GAZA CITY, Gaza Strip — At five o'clock in the afternoon of a quiet spring day, the secretary at the Soleil women’s salon and spa in Gaza received a phone call from a man booking his wife a spot in a belly dance course.
The secretary has been receiving many such calls from men interested in enrolling their wives. Men are not allowed to enter this all-women spa and the only contact they can make is via phone.
Soleil is the first women's spa in Gaza that offers a variety of health, relaxation and beauty treatments for women. The all-female staff of 10 offers aesthetic treatments and classes. The spa also has a gym and a social club.
On the floor dedicated to the Soleil Training Academy, women are taught belly dancing by a professional belly dance instructor. Some clients, especially those who are about to get married or are exploring belly dance as a way to get fit and lose weight, prefer to take private classes.
One of them, 22-year-old Hanadi (a pseudonym), told Al-Monitor that her mother pushed her to enroll in this course as her wedding date approached. “My mother told me I should learn belly dancing before my wedding day to avoid being embarrassed. I chose to take private sessions since I am shy and I don’t want other women to see how bad my dancing is. I don’t want to be bullied.”
Al-Monitor spoke to Soleil's manager Rawan al-Katari, who founded the spa in 2018. She explained that belly dance classes are its most popular service, especially during the last two years, when turnout jumped by 50%.
“Women in Gaza see dancing as a means of psychological discharge in addition to an exercise for weight loss,” she said. “Women’s perception of the importance of fulfilling the desires of their husbands has changed. Marital incompatibility is bringing up divorce rates in Gaza. In 2021, divorce cases increased by 23.6% compared to 2020.”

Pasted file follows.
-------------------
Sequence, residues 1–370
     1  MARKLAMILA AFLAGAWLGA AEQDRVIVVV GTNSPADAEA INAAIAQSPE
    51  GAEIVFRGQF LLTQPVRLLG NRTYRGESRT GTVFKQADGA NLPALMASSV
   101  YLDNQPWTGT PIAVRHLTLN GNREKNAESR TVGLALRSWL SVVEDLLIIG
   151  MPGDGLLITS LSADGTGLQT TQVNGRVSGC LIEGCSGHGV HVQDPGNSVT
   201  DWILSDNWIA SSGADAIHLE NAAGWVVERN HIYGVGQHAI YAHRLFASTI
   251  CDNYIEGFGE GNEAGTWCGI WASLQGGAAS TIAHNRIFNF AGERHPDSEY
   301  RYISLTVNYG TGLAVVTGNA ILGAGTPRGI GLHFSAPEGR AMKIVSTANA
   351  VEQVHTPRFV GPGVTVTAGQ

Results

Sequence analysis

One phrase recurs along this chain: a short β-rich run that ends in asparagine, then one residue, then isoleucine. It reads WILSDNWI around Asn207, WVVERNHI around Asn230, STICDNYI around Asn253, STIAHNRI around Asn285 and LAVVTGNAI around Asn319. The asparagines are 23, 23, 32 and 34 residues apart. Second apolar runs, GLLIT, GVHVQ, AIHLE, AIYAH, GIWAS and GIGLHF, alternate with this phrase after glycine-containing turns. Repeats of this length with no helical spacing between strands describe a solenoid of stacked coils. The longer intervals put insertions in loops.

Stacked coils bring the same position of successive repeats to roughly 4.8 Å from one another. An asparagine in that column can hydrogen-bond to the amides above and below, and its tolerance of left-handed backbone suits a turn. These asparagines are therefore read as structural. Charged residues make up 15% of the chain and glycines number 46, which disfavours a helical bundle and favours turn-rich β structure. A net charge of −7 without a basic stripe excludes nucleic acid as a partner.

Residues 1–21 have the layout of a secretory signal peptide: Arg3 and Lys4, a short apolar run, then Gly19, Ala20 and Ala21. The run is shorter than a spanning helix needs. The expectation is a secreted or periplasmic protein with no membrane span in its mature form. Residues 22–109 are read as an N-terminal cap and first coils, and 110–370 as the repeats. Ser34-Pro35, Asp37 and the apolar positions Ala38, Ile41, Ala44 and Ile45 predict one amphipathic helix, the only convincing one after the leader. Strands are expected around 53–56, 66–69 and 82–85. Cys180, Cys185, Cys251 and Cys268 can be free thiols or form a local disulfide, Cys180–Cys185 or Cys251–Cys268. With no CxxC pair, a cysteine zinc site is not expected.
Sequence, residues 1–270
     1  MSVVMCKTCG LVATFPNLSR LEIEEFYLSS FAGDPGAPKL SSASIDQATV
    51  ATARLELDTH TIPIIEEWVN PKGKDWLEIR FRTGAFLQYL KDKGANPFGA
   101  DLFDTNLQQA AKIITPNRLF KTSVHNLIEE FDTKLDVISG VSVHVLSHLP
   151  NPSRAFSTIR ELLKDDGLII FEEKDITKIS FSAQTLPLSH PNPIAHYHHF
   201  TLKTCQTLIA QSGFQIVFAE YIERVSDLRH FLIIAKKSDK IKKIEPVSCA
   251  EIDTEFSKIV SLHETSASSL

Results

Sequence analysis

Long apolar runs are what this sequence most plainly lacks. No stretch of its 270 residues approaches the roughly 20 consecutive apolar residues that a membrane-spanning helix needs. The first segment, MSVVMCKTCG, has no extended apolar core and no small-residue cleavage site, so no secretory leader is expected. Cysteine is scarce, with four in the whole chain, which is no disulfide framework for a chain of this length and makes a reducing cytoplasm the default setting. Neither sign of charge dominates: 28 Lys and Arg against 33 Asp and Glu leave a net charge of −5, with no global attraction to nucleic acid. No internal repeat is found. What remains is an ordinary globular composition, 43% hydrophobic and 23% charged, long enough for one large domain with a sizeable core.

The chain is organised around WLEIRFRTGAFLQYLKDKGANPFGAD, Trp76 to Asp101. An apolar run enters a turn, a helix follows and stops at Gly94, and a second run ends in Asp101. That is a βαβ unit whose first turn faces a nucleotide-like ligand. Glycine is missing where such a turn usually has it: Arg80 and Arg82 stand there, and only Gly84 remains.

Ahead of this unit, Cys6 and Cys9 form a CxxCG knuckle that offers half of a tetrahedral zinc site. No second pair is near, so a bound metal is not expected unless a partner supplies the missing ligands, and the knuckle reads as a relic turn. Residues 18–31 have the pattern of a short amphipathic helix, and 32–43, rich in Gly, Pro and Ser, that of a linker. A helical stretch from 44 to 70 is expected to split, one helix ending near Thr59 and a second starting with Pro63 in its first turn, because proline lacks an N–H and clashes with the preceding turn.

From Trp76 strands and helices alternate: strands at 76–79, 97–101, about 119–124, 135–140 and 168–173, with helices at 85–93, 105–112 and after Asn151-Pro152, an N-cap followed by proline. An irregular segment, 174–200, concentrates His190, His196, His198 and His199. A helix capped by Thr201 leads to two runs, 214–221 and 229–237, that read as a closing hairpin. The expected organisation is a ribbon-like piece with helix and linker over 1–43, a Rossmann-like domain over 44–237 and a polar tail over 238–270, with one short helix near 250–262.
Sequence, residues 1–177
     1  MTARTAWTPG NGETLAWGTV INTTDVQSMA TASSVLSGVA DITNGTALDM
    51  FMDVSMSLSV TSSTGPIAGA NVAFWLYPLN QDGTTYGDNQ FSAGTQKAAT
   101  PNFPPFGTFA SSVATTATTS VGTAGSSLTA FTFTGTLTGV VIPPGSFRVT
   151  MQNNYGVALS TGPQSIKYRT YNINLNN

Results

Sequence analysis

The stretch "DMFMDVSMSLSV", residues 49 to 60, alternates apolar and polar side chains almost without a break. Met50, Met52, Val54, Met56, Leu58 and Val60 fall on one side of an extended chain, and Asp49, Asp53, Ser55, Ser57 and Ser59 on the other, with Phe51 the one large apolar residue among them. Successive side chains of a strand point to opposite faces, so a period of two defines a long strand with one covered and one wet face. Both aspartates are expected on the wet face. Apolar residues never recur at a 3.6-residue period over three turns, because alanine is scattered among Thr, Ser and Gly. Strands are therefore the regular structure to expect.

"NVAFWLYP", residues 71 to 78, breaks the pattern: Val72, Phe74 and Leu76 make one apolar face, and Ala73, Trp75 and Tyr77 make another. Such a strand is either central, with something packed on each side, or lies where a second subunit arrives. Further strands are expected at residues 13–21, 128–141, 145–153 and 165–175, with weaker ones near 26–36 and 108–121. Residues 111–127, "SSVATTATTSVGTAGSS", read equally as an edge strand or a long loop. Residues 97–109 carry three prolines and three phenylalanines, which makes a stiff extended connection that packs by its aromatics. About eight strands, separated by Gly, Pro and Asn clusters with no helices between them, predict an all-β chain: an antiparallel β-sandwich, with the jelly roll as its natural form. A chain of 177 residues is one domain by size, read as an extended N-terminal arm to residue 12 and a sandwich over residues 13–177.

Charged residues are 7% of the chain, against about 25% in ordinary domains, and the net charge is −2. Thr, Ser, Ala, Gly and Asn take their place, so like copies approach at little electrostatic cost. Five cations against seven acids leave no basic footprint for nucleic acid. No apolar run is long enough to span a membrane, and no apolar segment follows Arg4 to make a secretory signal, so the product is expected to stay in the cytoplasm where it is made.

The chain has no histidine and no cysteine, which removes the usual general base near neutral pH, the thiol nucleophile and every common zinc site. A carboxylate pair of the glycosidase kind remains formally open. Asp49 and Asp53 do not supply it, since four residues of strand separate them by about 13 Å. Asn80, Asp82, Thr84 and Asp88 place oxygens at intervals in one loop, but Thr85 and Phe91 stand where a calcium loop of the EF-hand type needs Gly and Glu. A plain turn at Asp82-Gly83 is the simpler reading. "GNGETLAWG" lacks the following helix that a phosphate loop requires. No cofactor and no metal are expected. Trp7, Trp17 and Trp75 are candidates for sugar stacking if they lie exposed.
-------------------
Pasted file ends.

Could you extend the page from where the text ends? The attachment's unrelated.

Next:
Katari said the internet has brought a degree of openness to Gazan society. “Many young people are traveling to Turkey and other foreign countries. Their exposure to other cultures triggered a cultural change in society. Open-minded young married couples are struggling in Gaza’s conservative society.”
She explained that she first considered opening the spa in 2014 after Israel's Operation Protective Edge, when she started searching for a way to provide women in the Gaza Strip with psychological, health and aesthetic comfort and support.
Katari admits that the staff has face criticism from the public and that the spa has been criticized for running what detractors call a dance academy, the kind of institution few residents would approve of. The attitude is clear in the comments on the spa's social media posts about the belly dancing course.
"We are not offering anything contrary to social values in Gaza. We are only providing women with entertainment without breaking the society’s customs and traditions. The place is an all-female facility. We would never allow ourselves to commit any obscene acts,” she added.
Meanwhile, 30-year-old Ahlam, a pseudonym, criticized the courses in a street interview with Al-Monitor. She associates this type of dance with revealing outfits and loud music, which are viewed as contrary to Islamic law. She also does not feel that dance classes are appropriate amid the current poverty and suffering in the blockaded enclave.
“I was provoked by the social media post on the dance courses, which showed the dance instructor looking indecent,” she said.